The thing is, instead of circling between customer, local shop, and producer, all our money is now heading in one direction. And simple maths will tell you this can't go on forever. And voting with your feet is usualy no longer an option becuse while you wern't looking, the supermarkets were using loss-leaders to price almost every other shop out of existance.

You only have to visit a country were they are less prevelent to see what I mean. Africa is a good example, streets upon streets of small shops and market stalls where you can buy anything.

And yet they are invading even there. reducing the entire world to a single colour.

In fact, look at this photo of the sphinx and see if you can tell what that shop with the red sign is...

Give up?

It isn't fake.

 
Neotenic
379467.  Tue Jul 15, 2008 3:26 am Reply with quote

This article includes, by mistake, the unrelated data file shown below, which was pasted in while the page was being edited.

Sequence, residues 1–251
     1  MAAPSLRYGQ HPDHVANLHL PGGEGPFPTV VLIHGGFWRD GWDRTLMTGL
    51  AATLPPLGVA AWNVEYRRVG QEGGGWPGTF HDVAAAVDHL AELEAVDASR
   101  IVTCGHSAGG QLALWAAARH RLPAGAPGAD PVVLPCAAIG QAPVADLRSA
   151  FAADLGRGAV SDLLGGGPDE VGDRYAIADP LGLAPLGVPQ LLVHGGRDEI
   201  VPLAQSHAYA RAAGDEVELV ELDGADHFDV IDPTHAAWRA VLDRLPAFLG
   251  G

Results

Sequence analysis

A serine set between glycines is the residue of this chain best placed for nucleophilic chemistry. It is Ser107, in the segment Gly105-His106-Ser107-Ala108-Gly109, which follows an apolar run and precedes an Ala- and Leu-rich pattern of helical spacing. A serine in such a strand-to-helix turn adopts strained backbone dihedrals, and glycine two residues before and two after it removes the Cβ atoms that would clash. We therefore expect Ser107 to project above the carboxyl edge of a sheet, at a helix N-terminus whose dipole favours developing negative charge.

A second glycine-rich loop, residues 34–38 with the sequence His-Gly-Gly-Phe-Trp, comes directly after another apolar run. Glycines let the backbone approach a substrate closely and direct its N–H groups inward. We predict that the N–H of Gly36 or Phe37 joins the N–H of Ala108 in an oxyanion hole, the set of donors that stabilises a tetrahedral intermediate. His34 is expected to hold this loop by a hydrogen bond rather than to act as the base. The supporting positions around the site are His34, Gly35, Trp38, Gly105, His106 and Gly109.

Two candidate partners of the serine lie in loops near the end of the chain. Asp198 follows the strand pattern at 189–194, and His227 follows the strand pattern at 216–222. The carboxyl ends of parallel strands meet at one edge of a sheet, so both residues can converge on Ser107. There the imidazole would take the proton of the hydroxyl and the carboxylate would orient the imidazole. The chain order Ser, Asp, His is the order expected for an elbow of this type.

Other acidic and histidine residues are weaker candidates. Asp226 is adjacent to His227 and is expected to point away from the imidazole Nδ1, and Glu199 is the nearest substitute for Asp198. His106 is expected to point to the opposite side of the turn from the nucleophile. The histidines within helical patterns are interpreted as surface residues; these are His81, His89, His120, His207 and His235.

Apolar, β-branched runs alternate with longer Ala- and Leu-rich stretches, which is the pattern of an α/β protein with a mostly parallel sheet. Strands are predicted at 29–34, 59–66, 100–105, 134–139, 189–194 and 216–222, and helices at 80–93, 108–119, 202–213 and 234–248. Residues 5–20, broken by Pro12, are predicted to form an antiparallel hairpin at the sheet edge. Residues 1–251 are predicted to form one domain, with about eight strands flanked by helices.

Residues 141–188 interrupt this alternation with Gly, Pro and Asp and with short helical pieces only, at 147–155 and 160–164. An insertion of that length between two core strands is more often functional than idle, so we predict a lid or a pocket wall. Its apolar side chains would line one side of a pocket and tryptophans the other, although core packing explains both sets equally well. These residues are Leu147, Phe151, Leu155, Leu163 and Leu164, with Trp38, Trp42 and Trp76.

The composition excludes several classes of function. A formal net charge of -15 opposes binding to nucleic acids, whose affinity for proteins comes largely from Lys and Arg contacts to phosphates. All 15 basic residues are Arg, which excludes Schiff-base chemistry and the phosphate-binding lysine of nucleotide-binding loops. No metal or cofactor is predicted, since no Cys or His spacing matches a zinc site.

Quote:
And voting with your feet is usualy no longer an option becuse while you wern't looking, the supermarkets were using loss-leaders to price almost every other shop out of existance.


As I said upthread, I do not believe that the supermarkets will ever completely take-over.

A good example from recent history is that of major record labels.

In the mid-to-late nineties, there were grave portents of doom about the increasing consolidation and power of the major record labels. the cry went out - soon will come a day when the only way artists will be able to be heard is to cosy up with a major. Doom doom doom.